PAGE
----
Lexical tone representations in Chinese – Evidence from a patient with tone errors but preserved onsets and rhymes

Pui Yin Jenna Mak, KWAN KIU CHAN, Yee Jocelyn Ching, Lung Yat Ronald Chui, Kai Yan Lau

Research output: Unpublished conference presentation (presented paper, abstract, poster)Conference presentation (not published in journal/proceeding/book)Academic researchpeer-review


Background. Chinese is a tonal language, in which syllables of different lexical tones refer to different morphemes. One frequently asked theoretical question regarding tonal language concerns the nature of mental representations of syllables in the lexicon - E.g. Are lexical items stored as tonal syllables or are they stored as non-tonal syllables which undergo separate tonal processing in the lexical retrieval process. In the current study, we report a case study conducted using the cognitive neuropsychological approach to address this question.
Methods. TOT, a stroke survivor at the age of 56 years who speaks Cantonese (a dialect of Chinese used in Hong Kong) primarily, reported to have tone production problem after stroke was recruited. TOT's premorbid normal tone production was confirmed using audio recordings obtained from her WhatsApp conversation history during the assessment session. Initial assessment using the Cantonese Aphasia Battery (Yiu, 1994) indicated TOT suffered from conduction aphasia (AQ score = 61.8). TOT was further assessed using various production and identification tasks.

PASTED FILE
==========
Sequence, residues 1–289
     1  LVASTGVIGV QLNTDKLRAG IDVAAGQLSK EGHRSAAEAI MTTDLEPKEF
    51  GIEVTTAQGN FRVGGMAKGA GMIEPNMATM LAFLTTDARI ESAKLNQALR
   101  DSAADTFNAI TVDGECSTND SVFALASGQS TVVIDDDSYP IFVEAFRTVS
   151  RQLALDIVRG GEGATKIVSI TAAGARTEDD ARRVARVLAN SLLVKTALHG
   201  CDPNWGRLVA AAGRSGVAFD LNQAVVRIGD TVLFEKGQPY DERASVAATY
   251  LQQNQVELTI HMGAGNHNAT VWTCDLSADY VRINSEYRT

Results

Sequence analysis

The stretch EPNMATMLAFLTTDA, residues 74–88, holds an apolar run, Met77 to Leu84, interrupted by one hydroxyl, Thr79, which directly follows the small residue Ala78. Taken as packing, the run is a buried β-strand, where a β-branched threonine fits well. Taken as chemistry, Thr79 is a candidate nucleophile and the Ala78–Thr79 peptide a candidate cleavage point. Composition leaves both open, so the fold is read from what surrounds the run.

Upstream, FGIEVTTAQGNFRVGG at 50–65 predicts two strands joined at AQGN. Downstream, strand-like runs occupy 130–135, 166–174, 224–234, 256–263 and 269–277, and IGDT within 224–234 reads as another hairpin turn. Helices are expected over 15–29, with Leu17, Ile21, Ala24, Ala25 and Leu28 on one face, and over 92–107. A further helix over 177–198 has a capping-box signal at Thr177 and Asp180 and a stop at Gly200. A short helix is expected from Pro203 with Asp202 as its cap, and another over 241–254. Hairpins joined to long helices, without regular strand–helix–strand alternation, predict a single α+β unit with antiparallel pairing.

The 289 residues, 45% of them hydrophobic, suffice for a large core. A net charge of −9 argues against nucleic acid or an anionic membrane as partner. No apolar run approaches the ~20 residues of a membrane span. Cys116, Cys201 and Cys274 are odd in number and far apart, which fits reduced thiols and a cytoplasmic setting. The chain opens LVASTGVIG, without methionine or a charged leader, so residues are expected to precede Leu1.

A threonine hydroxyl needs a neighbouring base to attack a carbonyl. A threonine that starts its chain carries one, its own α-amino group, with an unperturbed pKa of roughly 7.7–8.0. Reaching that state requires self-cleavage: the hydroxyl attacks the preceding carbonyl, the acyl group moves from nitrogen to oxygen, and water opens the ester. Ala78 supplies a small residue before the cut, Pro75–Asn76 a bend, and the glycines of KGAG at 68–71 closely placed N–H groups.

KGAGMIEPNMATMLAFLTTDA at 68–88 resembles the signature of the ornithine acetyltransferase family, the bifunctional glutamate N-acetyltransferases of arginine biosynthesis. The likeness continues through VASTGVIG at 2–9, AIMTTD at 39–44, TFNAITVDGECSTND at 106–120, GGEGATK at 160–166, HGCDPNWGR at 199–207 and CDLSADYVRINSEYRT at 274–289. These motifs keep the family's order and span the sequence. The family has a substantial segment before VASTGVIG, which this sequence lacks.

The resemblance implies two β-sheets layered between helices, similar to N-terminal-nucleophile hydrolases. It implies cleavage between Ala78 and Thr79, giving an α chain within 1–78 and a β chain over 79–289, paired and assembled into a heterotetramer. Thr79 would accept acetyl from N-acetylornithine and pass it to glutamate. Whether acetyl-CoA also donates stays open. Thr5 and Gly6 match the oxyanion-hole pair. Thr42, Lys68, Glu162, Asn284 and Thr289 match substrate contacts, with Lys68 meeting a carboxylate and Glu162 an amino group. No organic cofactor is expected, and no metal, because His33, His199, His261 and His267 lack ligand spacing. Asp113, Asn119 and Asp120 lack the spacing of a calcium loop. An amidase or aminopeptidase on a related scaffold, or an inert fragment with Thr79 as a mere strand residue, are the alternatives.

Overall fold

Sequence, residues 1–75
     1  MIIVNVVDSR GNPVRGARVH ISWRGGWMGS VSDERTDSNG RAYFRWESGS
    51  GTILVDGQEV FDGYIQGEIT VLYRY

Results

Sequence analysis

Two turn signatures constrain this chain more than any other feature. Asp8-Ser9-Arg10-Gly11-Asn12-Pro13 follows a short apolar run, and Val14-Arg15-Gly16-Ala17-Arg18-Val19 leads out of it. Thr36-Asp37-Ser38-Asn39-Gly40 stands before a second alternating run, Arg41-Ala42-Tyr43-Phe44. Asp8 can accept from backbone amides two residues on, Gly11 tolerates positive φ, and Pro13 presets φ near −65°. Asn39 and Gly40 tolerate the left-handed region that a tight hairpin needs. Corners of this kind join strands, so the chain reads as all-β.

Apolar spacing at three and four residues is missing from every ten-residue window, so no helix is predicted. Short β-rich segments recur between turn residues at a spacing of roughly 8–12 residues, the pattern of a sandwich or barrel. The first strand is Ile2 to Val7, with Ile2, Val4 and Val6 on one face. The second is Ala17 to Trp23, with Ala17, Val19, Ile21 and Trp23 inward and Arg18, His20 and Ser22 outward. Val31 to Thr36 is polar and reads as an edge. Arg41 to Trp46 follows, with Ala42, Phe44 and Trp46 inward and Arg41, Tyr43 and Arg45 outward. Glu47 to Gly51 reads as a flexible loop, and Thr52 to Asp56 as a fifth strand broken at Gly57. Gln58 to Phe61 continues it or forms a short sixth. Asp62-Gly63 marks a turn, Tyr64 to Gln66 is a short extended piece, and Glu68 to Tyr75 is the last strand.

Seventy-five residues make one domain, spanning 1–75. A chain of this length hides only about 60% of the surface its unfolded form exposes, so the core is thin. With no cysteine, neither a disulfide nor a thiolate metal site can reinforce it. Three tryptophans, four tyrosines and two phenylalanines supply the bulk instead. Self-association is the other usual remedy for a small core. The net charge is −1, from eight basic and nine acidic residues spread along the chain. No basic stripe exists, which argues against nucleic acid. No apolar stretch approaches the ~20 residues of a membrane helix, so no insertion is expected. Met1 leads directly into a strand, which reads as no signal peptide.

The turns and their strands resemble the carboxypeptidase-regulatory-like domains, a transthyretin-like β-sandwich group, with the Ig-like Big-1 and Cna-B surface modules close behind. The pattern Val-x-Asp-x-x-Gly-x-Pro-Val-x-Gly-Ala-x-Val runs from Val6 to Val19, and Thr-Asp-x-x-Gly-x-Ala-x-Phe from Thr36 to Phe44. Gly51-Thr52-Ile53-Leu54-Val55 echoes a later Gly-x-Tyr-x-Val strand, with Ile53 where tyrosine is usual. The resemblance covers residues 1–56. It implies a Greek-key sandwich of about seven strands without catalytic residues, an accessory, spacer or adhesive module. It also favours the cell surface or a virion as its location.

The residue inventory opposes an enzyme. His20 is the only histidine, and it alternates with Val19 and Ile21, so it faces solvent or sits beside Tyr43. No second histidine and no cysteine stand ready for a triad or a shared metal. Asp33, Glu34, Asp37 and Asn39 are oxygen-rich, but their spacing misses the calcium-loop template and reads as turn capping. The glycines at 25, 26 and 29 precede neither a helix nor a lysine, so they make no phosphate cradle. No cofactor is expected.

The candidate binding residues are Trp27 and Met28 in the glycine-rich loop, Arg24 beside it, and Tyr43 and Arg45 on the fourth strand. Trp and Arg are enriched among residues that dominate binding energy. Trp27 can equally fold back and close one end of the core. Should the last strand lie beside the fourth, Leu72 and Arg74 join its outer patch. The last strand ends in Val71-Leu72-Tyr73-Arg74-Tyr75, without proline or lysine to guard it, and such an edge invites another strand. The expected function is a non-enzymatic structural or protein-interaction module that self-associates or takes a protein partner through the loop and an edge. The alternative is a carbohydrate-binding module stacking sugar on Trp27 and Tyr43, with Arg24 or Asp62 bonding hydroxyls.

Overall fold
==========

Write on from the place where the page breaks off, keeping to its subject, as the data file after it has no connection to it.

Results. In the passage reading and picture naming tasks, TOT demonstrated lots of tonal errors (where the onsets and rhymes of target words are correctly produced but tones are incorrectly produced). In a written homophone judgement task, TOT was instructed to select from six characters (including the target, an orthographic distractor, a semantic distractor and three phonological distractors differ from the target by only onset, rhyme or tone correspondingly) the one that is homophonous to a presented character. She made 28 errors in all 100 trials. Results of Chi square test indicated that among all the errors, she showed a significantly higher tendency (p < .05) of selecting tonal distractors.
Discussion. TOT’s tone errors with preserved onset and rhyme representations in both production and identification suggested that onsets and rhymes are probably represented independent of tone in Chinese.
Original languageEnglish
Publication statusNot published / presented only - Jul 2023
Event19th International Clinical Phonetics and Linguistics Association Conference - Salzburg, Austria
Duration: 4 Jul 20237 Jul 2023


Conference19th International Clinical Phonetics and Linguistics Association Conference


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